Not an elegant solution, but it works for me …
After replacing the NiMH cells in my Sonicare toothbrush in July 2012, they delivered about 21 days = 21 brushings between charges. After a year, I laid a sheet of Geek Scratch Paper on the windowsill (*) and noted pretty nearly every recharge:
Anyhow, the original cells crapped out after 2-½ years, when these still delivered 13 days. After 4-½ years, they’re lasting 12 days between charges.
Color me surprised, because they’re 600 mA·h NiMH cells. The originals were 2000 mA·h cells, which you’d expect would last longer, but noooo.
No reason to change them yet, which is good news.
FWIW, I recently bought some cheap brush heads from the usual low-end eBay seller. The OEM brushes have colored bristles which fade to tell you when to change brushes, although I run ’em quite a bit longer than that. The cheap replacements have never-fading colored bristles and, I suspect, all the bristles are much too stiff. The dental hygienist says I’m doing great, so it’s all good.
High truth: at best, you get what you pay for.
(*) Being that type of guy has some advantages, if you’re that guy. Otherwise, it’s a nasty character flaw.
At first, the yard camera worked fine, but a few days later the stream of JPEG images would unpredictably stall. I connect to it through a public-key SSH session and, sometimes, the login would stall for tens of seconds and, with a session set up, various exciting operation like, say,
htop would unpredictably stall; if I waited long enough, they’d complete normally.
It’s a known-good card from a reputable supplier, not that that means much these days. The camera flash highlights the gritty silkscreen (?) texture of the orange overlay, but the production value seems high enough to pass muster.
Popping the card in my desktop PC showed:
- It remains functional, at least to the extent of being mount-able and write-able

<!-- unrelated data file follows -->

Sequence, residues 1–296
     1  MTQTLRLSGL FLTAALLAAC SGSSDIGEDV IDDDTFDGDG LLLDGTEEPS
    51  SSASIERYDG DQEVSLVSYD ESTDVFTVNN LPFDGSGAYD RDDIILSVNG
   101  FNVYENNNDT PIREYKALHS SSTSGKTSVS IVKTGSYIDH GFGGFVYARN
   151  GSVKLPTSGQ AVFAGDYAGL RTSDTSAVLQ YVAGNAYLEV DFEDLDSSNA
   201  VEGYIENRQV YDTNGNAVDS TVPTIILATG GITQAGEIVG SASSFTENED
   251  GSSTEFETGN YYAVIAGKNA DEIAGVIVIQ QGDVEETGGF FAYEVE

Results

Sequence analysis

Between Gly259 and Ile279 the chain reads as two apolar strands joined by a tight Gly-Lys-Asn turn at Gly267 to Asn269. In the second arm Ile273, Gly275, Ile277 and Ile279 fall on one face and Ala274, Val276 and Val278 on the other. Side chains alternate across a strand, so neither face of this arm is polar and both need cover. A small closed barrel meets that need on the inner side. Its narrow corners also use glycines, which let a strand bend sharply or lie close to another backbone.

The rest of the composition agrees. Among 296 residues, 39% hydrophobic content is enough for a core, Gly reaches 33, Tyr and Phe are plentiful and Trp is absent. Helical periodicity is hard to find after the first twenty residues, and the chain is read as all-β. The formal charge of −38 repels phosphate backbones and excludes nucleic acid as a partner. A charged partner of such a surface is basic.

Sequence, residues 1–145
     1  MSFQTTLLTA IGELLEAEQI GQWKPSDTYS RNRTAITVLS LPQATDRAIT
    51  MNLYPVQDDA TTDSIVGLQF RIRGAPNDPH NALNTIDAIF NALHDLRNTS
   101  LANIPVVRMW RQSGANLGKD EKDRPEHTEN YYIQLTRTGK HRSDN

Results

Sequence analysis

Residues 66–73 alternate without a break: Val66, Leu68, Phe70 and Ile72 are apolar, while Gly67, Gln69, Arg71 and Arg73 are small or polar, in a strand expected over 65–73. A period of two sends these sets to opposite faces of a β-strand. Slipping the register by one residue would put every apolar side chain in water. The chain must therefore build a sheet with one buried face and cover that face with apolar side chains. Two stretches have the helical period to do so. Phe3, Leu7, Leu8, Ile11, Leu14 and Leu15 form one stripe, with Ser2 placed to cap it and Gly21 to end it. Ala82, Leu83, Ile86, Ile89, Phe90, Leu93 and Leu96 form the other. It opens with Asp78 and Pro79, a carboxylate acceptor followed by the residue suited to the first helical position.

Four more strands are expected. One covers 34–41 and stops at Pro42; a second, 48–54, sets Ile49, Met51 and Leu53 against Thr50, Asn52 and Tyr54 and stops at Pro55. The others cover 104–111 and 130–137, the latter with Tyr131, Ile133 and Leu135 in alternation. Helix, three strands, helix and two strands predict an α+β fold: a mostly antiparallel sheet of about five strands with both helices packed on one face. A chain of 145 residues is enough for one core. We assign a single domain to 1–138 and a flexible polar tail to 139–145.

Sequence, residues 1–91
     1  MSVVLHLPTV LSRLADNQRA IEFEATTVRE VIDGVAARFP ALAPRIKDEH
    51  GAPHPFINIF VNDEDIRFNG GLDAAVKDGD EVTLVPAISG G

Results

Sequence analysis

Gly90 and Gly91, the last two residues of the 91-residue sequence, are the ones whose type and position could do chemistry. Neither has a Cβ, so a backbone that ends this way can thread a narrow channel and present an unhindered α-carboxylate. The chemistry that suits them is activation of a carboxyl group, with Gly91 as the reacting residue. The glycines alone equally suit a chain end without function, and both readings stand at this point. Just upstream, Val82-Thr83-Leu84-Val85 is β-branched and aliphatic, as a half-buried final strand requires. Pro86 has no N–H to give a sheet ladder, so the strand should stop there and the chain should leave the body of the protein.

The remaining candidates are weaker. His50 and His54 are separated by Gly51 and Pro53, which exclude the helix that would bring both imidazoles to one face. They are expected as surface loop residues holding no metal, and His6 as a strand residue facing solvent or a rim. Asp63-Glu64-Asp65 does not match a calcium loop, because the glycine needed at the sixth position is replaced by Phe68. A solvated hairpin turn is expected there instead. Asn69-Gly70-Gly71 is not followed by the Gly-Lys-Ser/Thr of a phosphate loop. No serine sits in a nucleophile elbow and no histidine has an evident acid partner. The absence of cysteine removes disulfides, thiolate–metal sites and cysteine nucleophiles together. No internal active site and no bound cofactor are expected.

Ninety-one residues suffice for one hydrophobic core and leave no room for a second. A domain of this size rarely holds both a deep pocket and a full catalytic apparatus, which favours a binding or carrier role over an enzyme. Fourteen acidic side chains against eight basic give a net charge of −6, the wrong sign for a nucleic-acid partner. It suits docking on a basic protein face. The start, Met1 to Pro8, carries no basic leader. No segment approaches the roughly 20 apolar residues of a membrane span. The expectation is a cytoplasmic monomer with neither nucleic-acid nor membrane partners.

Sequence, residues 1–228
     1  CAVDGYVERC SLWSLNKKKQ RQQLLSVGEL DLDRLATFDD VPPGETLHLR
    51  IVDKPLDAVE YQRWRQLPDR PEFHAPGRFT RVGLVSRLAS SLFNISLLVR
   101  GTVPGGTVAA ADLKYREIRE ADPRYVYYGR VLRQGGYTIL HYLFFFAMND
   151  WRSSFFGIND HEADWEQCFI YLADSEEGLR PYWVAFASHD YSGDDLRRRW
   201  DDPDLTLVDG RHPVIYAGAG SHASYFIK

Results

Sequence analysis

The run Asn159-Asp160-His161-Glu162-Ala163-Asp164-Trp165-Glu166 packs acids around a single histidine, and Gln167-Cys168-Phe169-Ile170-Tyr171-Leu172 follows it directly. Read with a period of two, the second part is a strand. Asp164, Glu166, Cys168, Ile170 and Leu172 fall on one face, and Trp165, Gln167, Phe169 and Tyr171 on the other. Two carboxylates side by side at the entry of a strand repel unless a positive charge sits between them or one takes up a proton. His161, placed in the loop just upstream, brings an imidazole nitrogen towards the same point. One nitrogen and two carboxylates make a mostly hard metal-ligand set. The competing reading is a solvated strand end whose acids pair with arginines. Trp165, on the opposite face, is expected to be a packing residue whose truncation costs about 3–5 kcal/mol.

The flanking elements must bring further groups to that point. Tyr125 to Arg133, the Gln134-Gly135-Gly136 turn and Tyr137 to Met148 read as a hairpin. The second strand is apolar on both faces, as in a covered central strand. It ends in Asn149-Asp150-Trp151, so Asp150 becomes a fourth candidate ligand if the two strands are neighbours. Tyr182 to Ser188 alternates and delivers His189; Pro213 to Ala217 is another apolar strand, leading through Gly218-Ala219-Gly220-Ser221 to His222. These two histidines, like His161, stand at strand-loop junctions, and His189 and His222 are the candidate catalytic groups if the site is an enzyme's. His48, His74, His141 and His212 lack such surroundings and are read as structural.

3probe --time-ops /dev/sdbshowed it still held 16 GB
fsck -fv /dev/sdbshows no problems
- Both partitions looked good
So I shrank the main partition to 7.5 GB, copied the image to the desktop PC’s SSD, fired up the Token Windows Laptop, ran the Official SD Card Formatter, and discovered that it thought the card had only 63 MB (yes, MB) available. That’s the size of the FAT
boot partition, so I returned the card to the desktop PC, unleashed
gparted on it, blew away the partitions, reformatted the whole thing to one 16 GB FAT32 partition, and stuck it back in the laptop, whereupon the Official Formatter agreed it had every byte it should.
A format-with-overwrite then proceeded apace; the card doesn’t support format-with-erase.
Back in the desktop, I copied the saved image back onto the card which, en passant, blew away the just-created FAT format and restored the Raspbian partition structure. The 8 GB of that copy proceeded at an average 12.1 MB/s. I did not watch the transfer closely enough to notice any protracted delays.
Back in the Pi, the card booted and ran perfectly, sending an image every second to the laptop (now running its usual Mint Linux) on the guest network:
SSH sessions now work perfectly, too, and commands no longer jam.
So it seems a good-quality MicroSD card can experience protracted delays while writing data, to the extent of tens of seconds, stalling the Pi in mid-operation without producing data errors or any other symptoms.
It’s not clear the Official Formatter does anything that simply copying the image back to the card wouldn’t also accomplish, although overwriting the entire 16 GB extent of the card exercises all the cells and forces the card controller to re/de/un/allocate bad blocks. If, indeed, the blocks are bad, rather than just achingly slow.
Moral of the story: Don’t use MicroSD cards as mass storage devices, at least not for industrial applications that require consistent performance.